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By Ben Blanchard and Anthony Deutsch BEIJING/AMSTERDAM (Reuters) - An international court said it would deliver a hotly anticipated ruling in the Philippines' case against China over the South China Sea on July 12, drawing an immediate rebuke from Beijing, which rejects the tribunal's jurisdiction. The United States, which is a close ally of the Philippines and is concerned about China's expansive South China Sea claims, reiterated its backing for The Hague-based Permanent Court of Arbitration and urged a peaceful resolution of the dispute. Manila is contesting China's historical claim to about 90 percent of the South China Sea, one of the world's busiest shipping lanes.
Brexit campaigner Michael Gove announced a surprise bid Thursday to become Britain's next prime minister, in a blow for his close ally Boris Johnson's chances, as turmoil gripped both the country's main political parties after the shock vote to leave the EU. The race for the leadership of the governing Conservative Party kicked off as impatient EU leaders were pressuring Britain to speed up its withdrawal from the bloc. Justice minister Gove, who campaigned alongside Johnson in Britain's momentous vote last week to leave the EU, said the former London mayor "cannot provide the leadership or build the team for the task ahead".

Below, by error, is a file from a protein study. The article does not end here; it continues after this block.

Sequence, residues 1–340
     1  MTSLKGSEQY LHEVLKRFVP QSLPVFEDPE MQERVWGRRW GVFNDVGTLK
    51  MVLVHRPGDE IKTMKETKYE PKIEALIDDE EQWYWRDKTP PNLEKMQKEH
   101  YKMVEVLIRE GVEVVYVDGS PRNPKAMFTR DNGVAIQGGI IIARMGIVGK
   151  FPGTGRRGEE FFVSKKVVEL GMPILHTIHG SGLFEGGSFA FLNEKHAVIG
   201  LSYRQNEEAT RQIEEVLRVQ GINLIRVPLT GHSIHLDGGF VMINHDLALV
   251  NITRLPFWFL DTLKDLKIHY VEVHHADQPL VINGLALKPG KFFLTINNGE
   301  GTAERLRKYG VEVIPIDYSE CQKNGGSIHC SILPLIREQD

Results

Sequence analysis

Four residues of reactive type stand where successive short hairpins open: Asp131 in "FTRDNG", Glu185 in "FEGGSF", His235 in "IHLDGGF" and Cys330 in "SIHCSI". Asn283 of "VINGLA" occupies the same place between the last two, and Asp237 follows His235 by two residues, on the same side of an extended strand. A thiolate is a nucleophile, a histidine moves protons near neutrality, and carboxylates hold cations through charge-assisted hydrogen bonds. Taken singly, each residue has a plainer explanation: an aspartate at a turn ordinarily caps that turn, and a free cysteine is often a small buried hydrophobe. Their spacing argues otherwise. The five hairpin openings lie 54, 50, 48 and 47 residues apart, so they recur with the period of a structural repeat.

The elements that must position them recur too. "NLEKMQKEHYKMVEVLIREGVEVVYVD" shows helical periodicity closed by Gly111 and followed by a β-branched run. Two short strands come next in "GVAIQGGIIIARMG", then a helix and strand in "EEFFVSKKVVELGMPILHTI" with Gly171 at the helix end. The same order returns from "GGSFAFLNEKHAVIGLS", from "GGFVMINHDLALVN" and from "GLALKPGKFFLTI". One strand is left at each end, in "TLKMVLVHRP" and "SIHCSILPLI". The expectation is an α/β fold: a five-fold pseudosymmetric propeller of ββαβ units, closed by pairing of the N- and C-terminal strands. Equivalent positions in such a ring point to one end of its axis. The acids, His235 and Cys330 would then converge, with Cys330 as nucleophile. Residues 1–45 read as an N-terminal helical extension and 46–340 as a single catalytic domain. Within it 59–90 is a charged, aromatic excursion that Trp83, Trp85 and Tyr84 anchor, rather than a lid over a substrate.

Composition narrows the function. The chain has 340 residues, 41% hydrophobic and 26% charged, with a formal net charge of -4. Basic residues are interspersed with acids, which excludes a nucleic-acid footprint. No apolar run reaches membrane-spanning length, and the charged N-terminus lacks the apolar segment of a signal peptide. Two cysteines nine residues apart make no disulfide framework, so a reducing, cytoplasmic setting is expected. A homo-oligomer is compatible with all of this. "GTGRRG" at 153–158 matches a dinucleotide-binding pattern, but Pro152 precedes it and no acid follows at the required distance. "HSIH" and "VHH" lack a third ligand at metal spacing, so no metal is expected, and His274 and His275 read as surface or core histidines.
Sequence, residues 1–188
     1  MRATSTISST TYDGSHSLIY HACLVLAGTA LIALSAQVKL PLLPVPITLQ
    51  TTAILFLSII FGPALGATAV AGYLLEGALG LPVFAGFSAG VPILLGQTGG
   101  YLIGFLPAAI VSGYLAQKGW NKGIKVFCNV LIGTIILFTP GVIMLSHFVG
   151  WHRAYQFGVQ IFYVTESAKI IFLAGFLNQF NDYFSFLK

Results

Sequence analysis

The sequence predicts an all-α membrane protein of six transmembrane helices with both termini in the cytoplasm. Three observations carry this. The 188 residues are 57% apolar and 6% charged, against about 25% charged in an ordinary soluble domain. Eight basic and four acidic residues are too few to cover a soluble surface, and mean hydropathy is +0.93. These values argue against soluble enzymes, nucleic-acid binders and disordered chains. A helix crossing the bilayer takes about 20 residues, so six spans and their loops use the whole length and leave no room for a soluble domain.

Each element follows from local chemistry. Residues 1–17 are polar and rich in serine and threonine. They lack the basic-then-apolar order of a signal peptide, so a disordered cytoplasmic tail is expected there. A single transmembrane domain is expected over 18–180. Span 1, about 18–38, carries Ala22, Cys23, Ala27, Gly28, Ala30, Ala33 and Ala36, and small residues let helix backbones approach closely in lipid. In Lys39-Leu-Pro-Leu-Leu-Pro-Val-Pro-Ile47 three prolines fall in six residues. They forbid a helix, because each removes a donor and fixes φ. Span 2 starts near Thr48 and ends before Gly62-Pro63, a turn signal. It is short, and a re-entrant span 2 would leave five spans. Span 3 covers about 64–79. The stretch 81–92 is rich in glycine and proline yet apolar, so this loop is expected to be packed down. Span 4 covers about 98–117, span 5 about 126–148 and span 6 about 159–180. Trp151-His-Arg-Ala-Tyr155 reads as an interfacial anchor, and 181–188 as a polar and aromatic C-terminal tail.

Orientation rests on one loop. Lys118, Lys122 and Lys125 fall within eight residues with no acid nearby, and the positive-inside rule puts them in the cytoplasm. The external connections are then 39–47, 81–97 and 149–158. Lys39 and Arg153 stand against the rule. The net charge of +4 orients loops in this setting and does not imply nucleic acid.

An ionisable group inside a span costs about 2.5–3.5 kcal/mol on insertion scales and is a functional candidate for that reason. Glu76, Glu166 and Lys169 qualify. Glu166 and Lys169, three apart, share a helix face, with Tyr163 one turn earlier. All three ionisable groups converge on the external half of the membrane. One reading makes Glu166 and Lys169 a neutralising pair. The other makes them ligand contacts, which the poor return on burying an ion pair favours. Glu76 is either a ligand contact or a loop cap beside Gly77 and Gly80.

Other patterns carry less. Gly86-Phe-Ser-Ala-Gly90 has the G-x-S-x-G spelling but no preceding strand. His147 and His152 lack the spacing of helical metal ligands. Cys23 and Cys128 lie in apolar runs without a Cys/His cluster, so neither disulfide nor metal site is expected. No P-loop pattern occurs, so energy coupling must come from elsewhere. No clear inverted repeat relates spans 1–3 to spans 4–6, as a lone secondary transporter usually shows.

Two buses transporting police cadets in the Afghan capital were struck by a suicide bomb attack on Thursday, government and Taliban sources said, with many casualties feared. The attack was quickly confirmed by the Taliban's spokesman Zabihullah Mujahid, who claimed "many were killed and wounded". The Taliban have been waging an insurgency against the government since being ousted from power by a US-led coalition in 2001.